Would Jesus drive a Rolls-Royce?
That was the catchy headline on one blog about a United States Senate investigation into the ostensibly lavish lifestyles of televangelists whose congregations have pulled in big bucks and who have rewarded the ministers with generous perks, including a Rolls-Royce and a Bentley convertible.
But, why not?
One of the evangelist ministers heads a congregation of 30,000 that pulled in $69 million last year. That’s $2300, per person – almost $200 per month from each and every member of the congregation. Of course, we may assume that there were revenues from other sources, television broadcasting rights, etc. But, still, pulling in $69 million is doing pretty well.
Jesus would likely have thought so, too. $69 million can do a lot of God’s work.
For that, the lease payments on a Bentley seem pretty reasonable compensation – especially if they can keep the payment down with a promise of low accumulated mileage.
But, it is so petty.
No. Not the Senators.
The televangelists. No style. No real sense of extravagance. No conveying of the manifold material gifts of the Lord.
They just don’t measure up.
They are following in the footsteps of Father Divine, but in such small scale that they barely deserve mention with this titan of religious automotive excess.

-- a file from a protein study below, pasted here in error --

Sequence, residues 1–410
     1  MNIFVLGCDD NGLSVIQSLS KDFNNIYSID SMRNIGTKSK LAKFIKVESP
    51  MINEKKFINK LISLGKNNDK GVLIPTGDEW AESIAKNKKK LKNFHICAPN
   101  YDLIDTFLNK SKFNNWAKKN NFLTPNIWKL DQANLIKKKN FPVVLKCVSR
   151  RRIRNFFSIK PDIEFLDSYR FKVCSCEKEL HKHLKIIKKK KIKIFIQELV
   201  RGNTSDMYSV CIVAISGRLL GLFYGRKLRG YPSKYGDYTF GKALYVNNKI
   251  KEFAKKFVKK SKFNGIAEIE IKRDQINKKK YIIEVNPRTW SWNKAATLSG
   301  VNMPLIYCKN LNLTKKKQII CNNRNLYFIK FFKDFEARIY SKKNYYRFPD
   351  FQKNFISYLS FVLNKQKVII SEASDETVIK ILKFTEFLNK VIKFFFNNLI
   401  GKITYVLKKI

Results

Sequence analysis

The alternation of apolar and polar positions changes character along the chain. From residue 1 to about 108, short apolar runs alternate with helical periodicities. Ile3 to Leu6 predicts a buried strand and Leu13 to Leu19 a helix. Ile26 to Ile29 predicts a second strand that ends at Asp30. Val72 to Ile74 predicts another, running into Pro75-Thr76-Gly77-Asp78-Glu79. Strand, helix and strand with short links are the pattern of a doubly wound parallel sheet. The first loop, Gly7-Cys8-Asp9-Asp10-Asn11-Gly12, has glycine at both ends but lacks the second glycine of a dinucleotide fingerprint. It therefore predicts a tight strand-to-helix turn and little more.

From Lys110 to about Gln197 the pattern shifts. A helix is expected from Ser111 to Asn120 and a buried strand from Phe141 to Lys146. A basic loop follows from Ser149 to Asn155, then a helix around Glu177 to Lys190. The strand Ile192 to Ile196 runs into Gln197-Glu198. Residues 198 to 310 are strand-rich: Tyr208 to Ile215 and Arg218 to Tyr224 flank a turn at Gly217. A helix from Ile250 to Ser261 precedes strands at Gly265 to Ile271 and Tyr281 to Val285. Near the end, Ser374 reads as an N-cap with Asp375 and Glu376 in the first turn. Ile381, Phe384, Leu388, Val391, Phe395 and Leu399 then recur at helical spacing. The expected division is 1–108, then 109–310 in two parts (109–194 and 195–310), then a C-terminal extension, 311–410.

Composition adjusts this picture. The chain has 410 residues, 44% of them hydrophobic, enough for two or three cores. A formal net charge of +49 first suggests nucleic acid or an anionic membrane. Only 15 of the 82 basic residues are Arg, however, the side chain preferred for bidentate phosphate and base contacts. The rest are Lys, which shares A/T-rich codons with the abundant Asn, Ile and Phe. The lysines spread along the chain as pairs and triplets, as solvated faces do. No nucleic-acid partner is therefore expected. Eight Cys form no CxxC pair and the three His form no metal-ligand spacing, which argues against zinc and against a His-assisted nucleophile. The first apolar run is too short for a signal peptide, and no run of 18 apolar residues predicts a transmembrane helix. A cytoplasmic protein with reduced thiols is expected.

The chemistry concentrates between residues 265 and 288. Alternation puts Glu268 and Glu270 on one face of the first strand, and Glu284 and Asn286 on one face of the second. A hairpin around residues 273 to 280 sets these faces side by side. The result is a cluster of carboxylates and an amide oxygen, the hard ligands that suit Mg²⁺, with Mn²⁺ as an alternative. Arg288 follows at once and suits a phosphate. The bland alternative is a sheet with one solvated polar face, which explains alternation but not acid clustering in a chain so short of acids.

It was called “The Throne Car.”
Officially, it was a 1937 Model J Duesenberg landaulet bodied by Bohman and Schwartz of Pasadena, California. One of the last Duesenbergs, it was also the biggest. At a 178½” wheelbase, it was three feet longer than the longest standard Duesenberg wheelbase of 142½”.
It was built for Father Divine.
It was nicknamed “The Throne Car” because the rear seat was wide enough for four, and could be elevated, so that Father Divine could be more easily see and, most important, be seen. Though the car had a solid roof over the chauffeur’s compartment and the rear door, the roof over the rear seat itself could be fully removed, so that the car could be open for others to see the elevated pastor.
At the time, it was reported to have cost $25,000 or more, though exactly who paid for it remains something of a mystery.
Father Divine worked his magic in the 1930’s, so entrancing many followers that they signed over all they owned to his “church.” He got his start in Harlem, but eventually became a nation-wide phenomenon. He was investigated several times, but the efforts to expose him as a fraud only added to his appeal and success, which eventually transcended the black community.
The feds went after him, too – but the jury acquitted. Eventually, Father Divine promoted himself to the status of “God,” before eventually dying, largely unnoticed, in 1965.
Father Divine used the car to transit between his various “heavens,” and was seen in it often. He seems to have used it as a way of validating to his followers that he was worthy of being believed in. The Throne Car is still in existence, though in private hands, reportedly in unrestored – respectable, but far from new - condition.
Would Jesus drive a Rolls-Royce?
Well, he’d be better off getting hold of The Throne Car – it’s in private hands in Texas, unrestored but presentable – and getting it back in shape. After all, it was built for the Father, so it belongs in the family.